They hooked up with many local organizations and had very well received pamphlets that were ordered around the county and sold at cost. Their greatest success was with their lecture series.  They believed that wholesome recreation was very important.  They hoped to be the coordinating branch of all immigrant-aid societies.  Sympathetic and prominent members of the foreign-born worked with the league.  President Brewer felt that they in particular refuted the pessimists. 

            In 1910 they had a conference to make the public schools more suitable to educate the immigrant.  They had always outsourced and pressured schools to use their materials.  Women’s clubs and Pastors of immigrant communities were to publicize the night lasses. 

            Simultaneously similar movements grew up in other places. One from the Chicago Women’s Trade Union League.  They particularly focused on the moral pitfalls facing immigrant girls.  The League for the protection of immigrants and the Immigrants’ protective league started here too and were the same as the others, but more on employment bureaus.  Its leader was Grace Abbott.  Like the Boston branch they tried to secure information about who was coming to their ports and how many and meet them with helpful materials and transportation.  They also sought to have more government involvement.  The Feds gave the lists and passed money to set up a bureau to protect and guide the immigrants. 

            New York State set up a big commission that was appointed by Governor Charles Evans Hughes.   In 1909 it gave its report and confirmed terrible living conditions and may folks were taking advantage of immigrants.  Further little effort was being made to correct the abuses or educate folks and that the native white population was not interested. They recommended a state bureau be established. The legislation was not possible because the report came out late in the legislative calendar.

            In the meantime, proponents decided to make a NY version of the Boston group.   Miss Frances A. Kellor who was the secretary for the State Commission became the secretary of the new committee.  So in 1909 the New York Committee of the North American Civic League was formed. 56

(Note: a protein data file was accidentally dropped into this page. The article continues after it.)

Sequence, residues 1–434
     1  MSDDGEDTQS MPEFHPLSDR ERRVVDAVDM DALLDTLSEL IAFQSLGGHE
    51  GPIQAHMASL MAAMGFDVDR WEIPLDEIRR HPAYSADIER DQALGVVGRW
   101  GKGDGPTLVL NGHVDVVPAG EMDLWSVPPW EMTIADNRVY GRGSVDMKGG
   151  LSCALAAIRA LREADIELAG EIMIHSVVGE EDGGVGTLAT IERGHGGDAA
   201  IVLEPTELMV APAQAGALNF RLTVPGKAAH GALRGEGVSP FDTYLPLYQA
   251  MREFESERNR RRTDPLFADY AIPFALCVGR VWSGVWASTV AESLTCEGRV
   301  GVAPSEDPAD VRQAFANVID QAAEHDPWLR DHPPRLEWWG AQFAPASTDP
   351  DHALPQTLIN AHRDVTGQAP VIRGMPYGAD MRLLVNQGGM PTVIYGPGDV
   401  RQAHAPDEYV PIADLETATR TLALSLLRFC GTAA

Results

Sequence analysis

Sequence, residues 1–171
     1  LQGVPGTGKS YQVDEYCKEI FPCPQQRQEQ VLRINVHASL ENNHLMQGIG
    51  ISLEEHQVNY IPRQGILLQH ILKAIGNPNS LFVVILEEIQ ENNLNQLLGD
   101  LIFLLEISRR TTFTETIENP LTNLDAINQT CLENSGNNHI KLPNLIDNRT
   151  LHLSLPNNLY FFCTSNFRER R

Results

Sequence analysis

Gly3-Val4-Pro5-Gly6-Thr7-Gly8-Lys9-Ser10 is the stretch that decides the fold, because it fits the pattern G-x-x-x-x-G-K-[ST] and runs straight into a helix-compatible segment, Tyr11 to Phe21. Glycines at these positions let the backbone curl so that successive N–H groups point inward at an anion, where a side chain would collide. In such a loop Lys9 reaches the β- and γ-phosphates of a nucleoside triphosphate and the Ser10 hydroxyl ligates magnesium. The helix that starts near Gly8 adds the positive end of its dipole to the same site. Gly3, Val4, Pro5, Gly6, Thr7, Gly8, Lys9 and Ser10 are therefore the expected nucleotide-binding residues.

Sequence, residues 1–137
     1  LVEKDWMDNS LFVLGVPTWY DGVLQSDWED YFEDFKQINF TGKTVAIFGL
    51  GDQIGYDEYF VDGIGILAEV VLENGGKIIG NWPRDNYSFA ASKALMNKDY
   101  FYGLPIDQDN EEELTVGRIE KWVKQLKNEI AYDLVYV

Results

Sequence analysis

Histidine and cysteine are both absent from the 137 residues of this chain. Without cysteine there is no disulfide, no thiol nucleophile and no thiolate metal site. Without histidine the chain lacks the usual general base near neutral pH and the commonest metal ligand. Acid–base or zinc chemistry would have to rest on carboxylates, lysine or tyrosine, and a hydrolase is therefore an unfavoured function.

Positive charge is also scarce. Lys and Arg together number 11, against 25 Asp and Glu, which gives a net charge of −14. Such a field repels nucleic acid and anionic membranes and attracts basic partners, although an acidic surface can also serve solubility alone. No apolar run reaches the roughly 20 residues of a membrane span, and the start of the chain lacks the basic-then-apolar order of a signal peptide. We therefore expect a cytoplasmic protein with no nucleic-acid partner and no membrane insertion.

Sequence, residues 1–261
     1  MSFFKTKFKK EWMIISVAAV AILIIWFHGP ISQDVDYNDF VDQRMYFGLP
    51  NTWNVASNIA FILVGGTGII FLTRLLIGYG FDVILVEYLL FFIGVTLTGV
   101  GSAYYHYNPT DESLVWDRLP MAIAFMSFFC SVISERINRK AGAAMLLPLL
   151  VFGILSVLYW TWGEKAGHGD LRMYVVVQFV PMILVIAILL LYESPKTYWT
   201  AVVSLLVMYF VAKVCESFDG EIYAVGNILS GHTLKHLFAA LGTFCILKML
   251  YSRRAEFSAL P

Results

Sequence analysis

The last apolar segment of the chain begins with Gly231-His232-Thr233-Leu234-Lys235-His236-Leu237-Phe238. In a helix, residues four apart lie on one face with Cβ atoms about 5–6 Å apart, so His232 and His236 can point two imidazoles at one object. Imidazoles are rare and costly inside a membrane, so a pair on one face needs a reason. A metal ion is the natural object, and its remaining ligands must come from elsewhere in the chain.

They sought to pressure the state to do its duties and to educational and civic work they would not do.  They drew up a five point plan: 

1)      Assimilation (or the opposite of restriction).

2)      Education, elementary, industrial, civic, and English

3)      Distribution

4)      Naturalization and creating contact between immigrants and American institutions. 

5)      Protection. Of immigrants who had become “penniless, diseased or exhausted.” 

Surveys for the education of the public, coordinating other agencies work and developing new ones were the three methods.

            They met immigrants at Ellis island, investigated and recommended employment agencies, savings banks, proper land investments, notaries public, and legal aid.  They also got the names of school age kids coming in and gave them to the neighborhood schools in which they settled. 

            In Valhalla NY they set up education facilities at a camp for young and old workers, household economics for women and girls, Special moving pictures on Saturday nights and dances once a month.  This effort was replicated at many labor camps. 

            With moving pictures and victrolas they increased the reach of this entertainment to 40 camps. 

            They published 14,000 pamphlets on “How to Secure First-Papers.”


Chapter Three – The Movement Strengthened Through State Action

            The Dillingham commission did more to publicize immigration than NACL could have.  The report said that we should take care to see, in the future, that we would only take in the “quality and quantity that the process of assimilation was not rendered too difficult.” It showed an oversupply of unskilled labor.  It was also racist and used illiteracy to justify that conclusion.